Presentation is loading. Please wait.

Presentation is loading. Please wait.

Chapter 8: Mass Movements, Wind, and Glaciers EARTH SCIENCE Geology, the Environment and the Universe.

Similar presentations


Presentation on theme: "Chapter 8: Mass Movements, Wind, and Glaciers EARTH SCIENCE Geology, the Environment and the Universe."— Presentation transcript:

1 Chapter 8: Mass Movements, Wind, and Glaciers EARTH SCIENCE Geology, the Environment and the Universe

2 Section 8.1Mass MovementsMass Movements Section 8.2WindWind Section 8.3GlaciersGlaciers Exit Click a hyperlink to view the corresponding slides. CHAPTER 8 Table Of Contents

3 Essential Questions What is the relationship between gravity and mass movements? What factors affect mass movements? What are the different types of mass movements and how are they described? How do mass movements affect people? SECTION 8.1 Mass Movements

4 Review Vocabulary gravity: the force every object exerts on every other object due to their masses Mass movements alter Earths surface over time due to gravity moving sediment and rocks downslope. SECTION 8.1 Mass Movements

5 New Vocabulary mass movement creep mudflow landslide slump avalanche SECTION 8.1 Mass Movements

6 The downslope movement of soil and weathered rock resulting from the force of gravity is called mass movement. Because climate has a major effect on the weathering activities that occur in a particular area, climatic conditions determine the extent of mass movement. SECTION 8.1 Mass Movements

7 All mass movements occur on slopes. Because few places on Earth are completely flat, almost all of Earths surface undergoes some degree of mass movement. SECTION 8.1 Mass Movements

8 Factors that Influence Mass Movements Several factors influence the mass movements of Earths material: the materials weight, the materials resistance to sliding or flowing, triggers that shake material loose, and the presence of water. SECTION 8.1 Mass Movements

9 The slow, steady, downhill flow of loose, weathered Earth materials, especially soils, is called creep. The effects of creep are usually noticeable only over long periods of time. Types of Mass Movements Creep SECTION 8.1 Mass Movements

10 One way to way to tell whether creep has occurred is to observe the positions of structures and objects. Types of Mass Movements Creep SECTION 8.1 Mass Movements

11 Types of Mass Movements Flows Earth flows are moderately slow movements of soils, whereas mudflows are swiftly moving mixtures of mud and water. SECTION 8.1 Mass Movements

12 Types of Mass Movements Mudflows SECTION 8.1 Mass Movements

13 Types of Mass Movements Mudflows SECTION 8.1 Mass Movements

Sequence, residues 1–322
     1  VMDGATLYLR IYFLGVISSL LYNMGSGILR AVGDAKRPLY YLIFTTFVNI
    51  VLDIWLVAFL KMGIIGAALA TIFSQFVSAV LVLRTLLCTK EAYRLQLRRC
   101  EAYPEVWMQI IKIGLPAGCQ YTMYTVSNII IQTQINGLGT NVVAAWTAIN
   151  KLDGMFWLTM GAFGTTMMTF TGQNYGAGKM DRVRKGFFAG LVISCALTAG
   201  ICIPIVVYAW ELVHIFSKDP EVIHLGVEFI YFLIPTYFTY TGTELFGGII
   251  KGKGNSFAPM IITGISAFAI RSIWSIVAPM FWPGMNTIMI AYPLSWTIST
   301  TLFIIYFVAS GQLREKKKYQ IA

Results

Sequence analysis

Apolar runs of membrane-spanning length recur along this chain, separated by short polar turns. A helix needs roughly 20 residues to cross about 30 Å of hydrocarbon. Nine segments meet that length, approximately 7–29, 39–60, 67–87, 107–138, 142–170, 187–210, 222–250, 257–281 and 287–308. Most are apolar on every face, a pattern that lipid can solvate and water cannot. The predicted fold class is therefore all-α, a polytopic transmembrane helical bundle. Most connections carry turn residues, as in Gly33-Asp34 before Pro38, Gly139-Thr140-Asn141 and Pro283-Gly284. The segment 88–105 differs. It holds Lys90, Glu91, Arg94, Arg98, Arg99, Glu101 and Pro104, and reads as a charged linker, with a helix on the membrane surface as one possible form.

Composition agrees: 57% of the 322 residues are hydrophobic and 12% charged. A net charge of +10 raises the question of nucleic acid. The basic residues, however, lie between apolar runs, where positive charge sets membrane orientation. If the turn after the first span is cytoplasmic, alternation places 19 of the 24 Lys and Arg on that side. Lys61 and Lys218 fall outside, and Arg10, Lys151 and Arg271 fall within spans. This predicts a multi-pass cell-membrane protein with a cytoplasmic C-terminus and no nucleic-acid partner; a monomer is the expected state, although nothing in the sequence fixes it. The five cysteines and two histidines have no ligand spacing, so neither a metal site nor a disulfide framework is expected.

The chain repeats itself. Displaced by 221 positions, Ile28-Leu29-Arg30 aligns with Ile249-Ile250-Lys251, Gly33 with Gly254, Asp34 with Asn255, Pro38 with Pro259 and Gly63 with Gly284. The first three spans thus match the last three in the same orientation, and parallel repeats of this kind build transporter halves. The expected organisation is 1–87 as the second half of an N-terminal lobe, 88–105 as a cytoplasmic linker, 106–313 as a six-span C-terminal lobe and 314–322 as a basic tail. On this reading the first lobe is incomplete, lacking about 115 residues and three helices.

14 Types of Mass Movements Mudflows SECTION 8.1 Mass Movements

15 Types of Mass Movements Flows Mudflows are also common in sloped, semi-arid regions that experience intense, short-lived rainstorms. SECTION 8.1 Mass Movements

16 Types of Mass Movements Flows Mudflows can be triggered by earthquakes or similar vibrations. Lahars are mudflows that occur in volcanic regions where the heat from a volcano melts snow on nearby slopes that have fine sediment and little vegetation. SECTION 8.1 Mass Movements

17 Types of Mass Movements Lahar - Flows SECTION 8.1 Mass Movements

18 Types of Mass Movements Lahar - Flows SECTION 8.1 Mass Movements

19 Types of Mass Movements Lahar - Flows SECTION 8.1 Mass Movements

20 Types of Mass Movements Lahar - Flows SECTION 8.1 Mass Movements

21 Types of Mass Movements Slides A rapid, downslope movement of Earth materials that occurs when a relatively thin block of soil, rock, and debris separates from the underlying bedrock is called a landslide. SECTION 8.1 Mass Movements

22 Types of Mass Movements Slides Landslides are common on steep slopes, especially when soils and weathered bedrock are fully saturated by water. A rockslide is a type of landslide that occurs when a sheet of rock moves downhill on a sliding surface. Rockslides are often triggered by earthquakes. SECTION 8.1 Mass Movements

23 Types of Mass Movements Slides Landslides SECTION 8.1 Mass Movements

24 Types of Mass Movements Slides Landslides SECTION 8.1 Mass Movements

25 Types of Mass Movements Slides rockslides SECTION 8.1 Mass Movements

26 Types of Mass Movements Slides rockslides SECTION 8.1 Mass Movements

27 Types of Mass Movements Slides When the mass of material in a landslide moves along a curved surface, a slump results. Material at the top of the slump moves downhill, and slightly inward, while the material at the bottom of the slump moves outward. SECTION 8.1 Mass Movements

28 Please click the image above to view the video. SECTION 8.1 Mass Movements

29 SECTION 8.1 Mass Movements slump Stop here